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Open Science


  • Explain how the GNU General Public License (GPL) differs from most other open licenses.
  • Explain the four kinds of restrictions that can be combined in a Creative Commons license.
  • Correctly add licensing and citation information to a project repository.
  • Outline options for hosting code and data and the pros and cons of each.
The opposite of "open" isn't "closed". The opposite of "open" is "broken".
— John Wilbanks

Free sharing of information might be the ideal in science, but the reality is often more complicated. Normal practice today looks something like this:

  • A scientist collects some data and stores it on a machine that is occasionally backed up by her department.
  • She then writes or modifies a few small programs (which also reside on her machine) to analyze that data.
  • Once she has some results, she writes them up and submits her paper. She might include her data—a growing number of journals require this—but she probably doesn't include her code.
  • Time passes.
  • The journal sends her reviews written anonymously by a handful of other people in her field. She revises her paper to satisfy them, during which time she might also modify the scripts she wrote earlier, and resubmits.
  • More time passes.
  • The paper is eventually published. It might include a link to an online copy of her data, but the paper itself will be behind a paywall: only people who have personal or institutional access will be able to read it.

For a growing number of scientists, though, the process looks like this:

  • The data that the scientist collects is stored in an open access repository like figshare or Dryad as soon as it's collected, and given its own DOI.
  • The scientist creates a new repository on GitHub to hold her work.
  • As she does her analysis, she pushes changes to her scripts (and possibly some output files) to that repository. She also uses the repository for her paper; that repository is then the hub for collaboration with her colleagues.
  • When she's happy with the state of her paper, she posts a version to arXiv or some other preprint server to invite feedback from peers.
  • Based on that feedback, she may post several revisions before finally submitting her paper to a journal.
  • The published paper includes links to her preprint and to her code and data repositories, which makes it much easier for other scientists to use her work as starting point for their own research.

This open model accelerates discovery: the more open work is, the more widely it is cited and re-used. However, people who want to work this way need to make some decisions about what exactly "open" means in practice.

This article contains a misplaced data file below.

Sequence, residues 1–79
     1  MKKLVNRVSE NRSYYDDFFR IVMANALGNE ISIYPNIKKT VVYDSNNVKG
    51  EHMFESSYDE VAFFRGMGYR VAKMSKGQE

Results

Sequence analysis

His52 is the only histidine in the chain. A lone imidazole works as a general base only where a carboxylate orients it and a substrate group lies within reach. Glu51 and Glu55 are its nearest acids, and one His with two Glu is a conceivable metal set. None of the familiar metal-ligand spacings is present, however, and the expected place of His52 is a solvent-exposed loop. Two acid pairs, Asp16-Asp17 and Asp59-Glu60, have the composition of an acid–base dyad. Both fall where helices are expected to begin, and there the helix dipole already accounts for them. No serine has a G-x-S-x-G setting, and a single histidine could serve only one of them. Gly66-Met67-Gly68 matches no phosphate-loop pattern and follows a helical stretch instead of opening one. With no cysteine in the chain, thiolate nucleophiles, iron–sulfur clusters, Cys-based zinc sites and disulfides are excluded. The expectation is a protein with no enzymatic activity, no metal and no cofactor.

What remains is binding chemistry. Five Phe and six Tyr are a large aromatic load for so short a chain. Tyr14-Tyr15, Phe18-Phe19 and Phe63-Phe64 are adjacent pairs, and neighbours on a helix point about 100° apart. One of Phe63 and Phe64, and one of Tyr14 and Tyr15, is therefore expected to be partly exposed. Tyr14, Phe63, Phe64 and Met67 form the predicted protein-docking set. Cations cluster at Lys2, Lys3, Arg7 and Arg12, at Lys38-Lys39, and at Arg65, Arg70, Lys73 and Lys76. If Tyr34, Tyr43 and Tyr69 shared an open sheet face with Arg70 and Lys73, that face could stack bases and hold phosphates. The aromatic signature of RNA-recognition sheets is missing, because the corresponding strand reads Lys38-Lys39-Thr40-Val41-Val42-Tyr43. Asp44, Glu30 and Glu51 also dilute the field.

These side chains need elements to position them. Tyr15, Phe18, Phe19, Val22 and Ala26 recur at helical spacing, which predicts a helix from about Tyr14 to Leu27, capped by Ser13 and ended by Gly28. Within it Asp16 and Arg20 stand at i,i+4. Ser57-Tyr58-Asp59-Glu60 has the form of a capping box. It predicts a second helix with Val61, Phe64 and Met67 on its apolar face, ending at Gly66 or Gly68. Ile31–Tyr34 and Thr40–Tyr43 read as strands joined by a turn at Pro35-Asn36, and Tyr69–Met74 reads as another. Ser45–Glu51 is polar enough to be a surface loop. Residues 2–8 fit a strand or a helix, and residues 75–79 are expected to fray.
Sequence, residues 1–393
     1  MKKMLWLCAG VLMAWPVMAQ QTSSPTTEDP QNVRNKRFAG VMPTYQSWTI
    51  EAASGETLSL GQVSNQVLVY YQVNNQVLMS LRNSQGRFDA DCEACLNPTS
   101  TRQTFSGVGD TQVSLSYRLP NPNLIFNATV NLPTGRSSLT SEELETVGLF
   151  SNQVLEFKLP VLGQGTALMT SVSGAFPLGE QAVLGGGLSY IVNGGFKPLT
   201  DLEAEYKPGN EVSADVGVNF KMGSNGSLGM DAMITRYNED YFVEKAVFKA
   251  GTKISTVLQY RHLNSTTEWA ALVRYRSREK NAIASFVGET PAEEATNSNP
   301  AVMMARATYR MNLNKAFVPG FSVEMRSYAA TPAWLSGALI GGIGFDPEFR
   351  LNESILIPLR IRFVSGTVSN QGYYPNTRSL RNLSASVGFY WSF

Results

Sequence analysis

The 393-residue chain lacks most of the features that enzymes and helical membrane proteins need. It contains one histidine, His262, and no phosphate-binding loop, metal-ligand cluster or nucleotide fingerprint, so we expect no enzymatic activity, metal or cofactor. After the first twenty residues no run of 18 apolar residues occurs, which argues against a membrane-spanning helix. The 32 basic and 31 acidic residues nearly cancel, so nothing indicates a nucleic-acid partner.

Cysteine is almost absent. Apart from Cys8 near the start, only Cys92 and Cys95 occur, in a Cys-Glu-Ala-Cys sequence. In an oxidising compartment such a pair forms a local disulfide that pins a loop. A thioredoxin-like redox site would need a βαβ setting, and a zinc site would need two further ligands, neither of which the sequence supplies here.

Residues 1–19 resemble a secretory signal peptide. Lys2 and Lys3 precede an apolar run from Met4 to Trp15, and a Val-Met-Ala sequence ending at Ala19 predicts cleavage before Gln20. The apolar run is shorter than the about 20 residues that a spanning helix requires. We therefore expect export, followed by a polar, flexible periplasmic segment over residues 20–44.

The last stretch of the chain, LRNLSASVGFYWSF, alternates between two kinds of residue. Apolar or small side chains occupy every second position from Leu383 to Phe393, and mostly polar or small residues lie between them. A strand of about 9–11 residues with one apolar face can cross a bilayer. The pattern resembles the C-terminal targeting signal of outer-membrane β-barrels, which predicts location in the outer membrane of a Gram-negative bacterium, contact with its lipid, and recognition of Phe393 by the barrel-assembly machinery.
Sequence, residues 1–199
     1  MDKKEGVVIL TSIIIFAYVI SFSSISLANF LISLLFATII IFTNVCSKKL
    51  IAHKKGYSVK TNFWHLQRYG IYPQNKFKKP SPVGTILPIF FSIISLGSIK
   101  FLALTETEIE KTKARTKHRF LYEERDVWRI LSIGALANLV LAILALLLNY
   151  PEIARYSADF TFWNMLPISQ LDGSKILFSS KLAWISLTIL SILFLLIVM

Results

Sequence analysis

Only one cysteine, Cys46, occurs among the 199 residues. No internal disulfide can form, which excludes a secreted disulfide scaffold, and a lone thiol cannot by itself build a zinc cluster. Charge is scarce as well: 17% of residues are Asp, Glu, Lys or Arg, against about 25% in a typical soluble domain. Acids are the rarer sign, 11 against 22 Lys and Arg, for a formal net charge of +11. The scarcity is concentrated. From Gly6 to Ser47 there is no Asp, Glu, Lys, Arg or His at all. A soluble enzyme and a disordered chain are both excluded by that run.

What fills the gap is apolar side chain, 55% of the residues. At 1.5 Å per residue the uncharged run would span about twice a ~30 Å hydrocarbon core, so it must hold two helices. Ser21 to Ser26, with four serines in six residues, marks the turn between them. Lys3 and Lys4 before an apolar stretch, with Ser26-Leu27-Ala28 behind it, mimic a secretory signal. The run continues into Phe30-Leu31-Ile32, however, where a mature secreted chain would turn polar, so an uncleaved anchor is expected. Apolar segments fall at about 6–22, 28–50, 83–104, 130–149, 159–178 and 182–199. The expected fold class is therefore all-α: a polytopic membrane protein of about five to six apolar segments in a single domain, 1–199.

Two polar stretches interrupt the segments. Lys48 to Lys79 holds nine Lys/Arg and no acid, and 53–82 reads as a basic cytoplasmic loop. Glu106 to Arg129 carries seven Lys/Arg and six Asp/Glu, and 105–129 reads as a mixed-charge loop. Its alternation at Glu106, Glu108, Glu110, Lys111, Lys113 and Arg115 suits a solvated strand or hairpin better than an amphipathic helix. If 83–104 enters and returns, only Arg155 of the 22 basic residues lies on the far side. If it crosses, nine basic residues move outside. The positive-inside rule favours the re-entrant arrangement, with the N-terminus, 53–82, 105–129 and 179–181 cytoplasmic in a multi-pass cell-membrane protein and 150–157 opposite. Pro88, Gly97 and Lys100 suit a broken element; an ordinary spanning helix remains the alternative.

The first question is licensing. Broadly speaking, there are two kinds of open license for software, and half a dozen for data and publications. For software, people can choose between the GNU General Public License (GPL) on the one hand, and licenses like the MIT and BSD licenses on the other. All of these licenses allow unrestricted sharing and modification of programs, but the GPL is infective: anyone who distributes a modified version of the code (or anything that includes GPL'd code) must make their code freely available as well.

Proponents of the GPL argue that this requirement is needed to ensure that people who are benefiting from freely-available code are also contributing back to the community. Opponents counter that many open source projects have had long and successful lives without this condition, and that the GPL makes it more difficult to combine code from different sources. At the end of the day, what matters most is that:

  1. every project have a file in its home directory called something like LICENSE or LICENSE.txt that clearly states what the license is, and
  2. people use existing licenses rather than writing new ones.

The second point is as important as the first: most scientists are not lawyers, so wording that may seem sensible to a layperson may have unintended gaps or consequences. The Open Source Initiative maintains a list of open source licenses, and tl;drLegal explains many of them in plain English.

When it comes to data, publications, and the like, scientists have many more options to choose from. The good news is that an organization called Creative Commons has prepared a set of licenses using combinations of four basic restrictions:

  • Attribution: derived works must give the original author credit for their work.
  • No Derivatives: people may copy the work, but must pass it along unchanged.
  • Share Alike: derivative works must license their work under the same terms as the original.
  • Noncommercial: free use is allowed, but commercial use is not.